the claimant must have a sit/stand option allowing for a change in position every thirty to sixty minutes for a few minutes at a time while remaining at the work station with no loss in production. The claimant can never climb ropes, ladders or scaffolds. The claimant can occasionally climb ramps and stairs, stoop, kneel, crouch or crawl. The claimant must avoid concentrated exposure to extreme cold, vibration, and work hazards such as unprotected heights and being around dangerous moving machinery. The claimant can occasionally reach overhead and can occasionally operate foot controls. The claimant can understand, remember and carry out simple instructions consistent with unskilled work, in a job with no strict production quotas and the claimant would not be subject to the demands of fast-paced production work; i.e. work by shift, not by hour. The claimant can perform simple decision-making related to basic work functions. The claimant can tolerate only minor, infrequent changes within the workplace and must avoid work involving intense or extensive interpersonal interaction, handling complaints or dissatisfied customers, or close proximity to co-workers. The claimant can tolerate occasional interaction with co-workers and supervisors, but no contact with the general public.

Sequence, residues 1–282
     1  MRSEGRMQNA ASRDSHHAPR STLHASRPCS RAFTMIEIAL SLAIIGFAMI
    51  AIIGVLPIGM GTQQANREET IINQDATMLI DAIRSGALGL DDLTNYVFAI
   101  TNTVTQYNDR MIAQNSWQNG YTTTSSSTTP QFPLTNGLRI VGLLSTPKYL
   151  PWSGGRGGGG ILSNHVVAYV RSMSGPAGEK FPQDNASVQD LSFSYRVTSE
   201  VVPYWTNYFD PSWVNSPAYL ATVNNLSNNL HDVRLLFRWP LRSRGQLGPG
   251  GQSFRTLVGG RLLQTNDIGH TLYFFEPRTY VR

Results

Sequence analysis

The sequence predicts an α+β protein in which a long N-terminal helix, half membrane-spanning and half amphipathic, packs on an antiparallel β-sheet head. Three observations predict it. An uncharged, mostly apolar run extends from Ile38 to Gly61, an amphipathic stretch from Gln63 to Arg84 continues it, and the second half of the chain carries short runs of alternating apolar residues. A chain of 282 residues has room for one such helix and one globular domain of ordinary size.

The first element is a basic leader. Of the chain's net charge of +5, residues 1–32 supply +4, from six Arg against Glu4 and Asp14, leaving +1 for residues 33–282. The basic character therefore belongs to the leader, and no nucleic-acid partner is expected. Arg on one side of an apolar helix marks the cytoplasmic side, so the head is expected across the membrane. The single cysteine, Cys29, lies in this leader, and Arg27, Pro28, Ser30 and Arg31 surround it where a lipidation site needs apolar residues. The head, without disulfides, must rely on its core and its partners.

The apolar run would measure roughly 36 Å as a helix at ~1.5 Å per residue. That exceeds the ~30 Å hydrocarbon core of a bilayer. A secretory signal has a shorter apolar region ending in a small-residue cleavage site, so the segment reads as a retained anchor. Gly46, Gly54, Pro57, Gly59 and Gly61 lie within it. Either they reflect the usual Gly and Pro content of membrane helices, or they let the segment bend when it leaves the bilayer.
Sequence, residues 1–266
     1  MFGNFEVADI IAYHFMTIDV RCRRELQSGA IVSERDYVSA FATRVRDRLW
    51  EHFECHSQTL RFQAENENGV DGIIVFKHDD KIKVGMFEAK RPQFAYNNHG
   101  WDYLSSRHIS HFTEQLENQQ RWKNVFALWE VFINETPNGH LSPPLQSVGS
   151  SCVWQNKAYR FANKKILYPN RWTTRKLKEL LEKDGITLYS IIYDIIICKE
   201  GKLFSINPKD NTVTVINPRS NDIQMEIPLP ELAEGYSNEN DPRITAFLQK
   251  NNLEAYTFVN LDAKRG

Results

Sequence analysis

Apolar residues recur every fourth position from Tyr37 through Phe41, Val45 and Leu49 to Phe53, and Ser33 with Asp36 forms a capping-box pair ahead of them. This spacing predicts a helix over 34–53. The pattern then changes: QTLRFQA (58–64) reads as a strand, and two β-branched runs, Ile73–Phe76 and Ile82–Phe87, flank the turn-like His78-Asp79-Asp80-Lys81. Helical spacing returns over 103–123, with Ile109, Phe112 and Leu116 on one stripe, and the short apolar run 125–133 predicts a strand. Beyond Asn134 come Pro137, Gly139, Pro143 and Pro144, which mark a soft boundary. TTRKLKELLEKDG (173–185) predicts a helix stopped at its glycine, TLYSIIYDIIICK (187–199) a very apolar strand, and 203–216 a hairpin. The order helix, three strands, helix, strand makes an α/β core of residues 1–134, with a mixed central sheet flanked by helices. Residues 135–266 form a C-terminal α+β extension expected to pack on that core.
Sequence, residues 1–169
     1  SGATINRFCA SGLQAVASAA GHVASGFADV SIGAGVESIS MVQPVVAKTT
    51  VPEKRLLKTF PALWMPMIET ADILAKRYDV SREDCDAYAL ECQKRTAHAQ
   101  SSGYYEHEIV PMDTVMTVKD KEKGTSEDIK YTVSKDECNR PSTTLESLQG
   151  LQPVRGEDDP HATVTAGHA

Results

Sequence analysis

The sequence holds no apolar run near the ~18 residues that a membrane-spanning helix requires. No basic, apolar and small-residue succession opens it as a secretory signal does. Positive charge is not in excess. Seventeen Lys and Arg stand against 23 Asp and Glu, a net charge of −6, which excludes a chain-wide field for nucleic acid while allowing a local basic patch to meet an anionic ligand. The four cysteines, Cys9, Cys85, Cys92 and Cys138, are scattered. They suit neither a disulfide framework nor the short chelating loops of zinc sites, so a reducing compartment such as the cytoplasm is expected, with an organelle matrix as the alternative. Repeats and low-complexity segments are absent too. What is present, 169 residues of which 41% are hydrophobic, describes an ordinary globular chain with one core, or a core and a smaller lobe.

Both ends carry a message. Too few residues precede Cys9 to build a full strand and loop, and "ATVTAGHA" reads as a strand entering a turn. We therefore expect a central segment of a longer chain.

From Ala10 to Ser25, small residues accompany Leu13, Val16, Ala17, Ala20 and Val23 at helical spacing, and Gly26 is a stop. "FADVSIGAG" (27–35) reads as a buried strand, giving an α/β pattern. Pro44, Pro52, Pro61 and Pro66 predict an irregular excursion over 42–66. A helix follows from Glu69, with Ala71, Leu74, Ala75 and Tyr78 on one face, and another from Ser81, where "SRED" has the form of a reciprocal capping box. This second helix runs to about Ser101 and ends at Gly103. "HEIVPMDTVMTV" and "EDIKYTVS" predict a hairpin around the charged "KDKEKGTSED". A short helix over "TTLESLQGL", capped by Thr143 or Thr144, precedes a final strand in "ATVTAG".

Tr. 520.

         The ALJ next found that Plaintiff could perform certain light unskilled jobs listed in the Dictionary of Occupational Titles (“DOT”) (e.g., marker, office helper, and mail clerk), which the VE had testified that a hypothetical person with Plaintiff’s RFC and vocational factors (age, education, work experience) could perform and that were available in significant numbers in the national economy. Accordingly, the ALJ found that Plaintiff was not disabled under the Act.[5]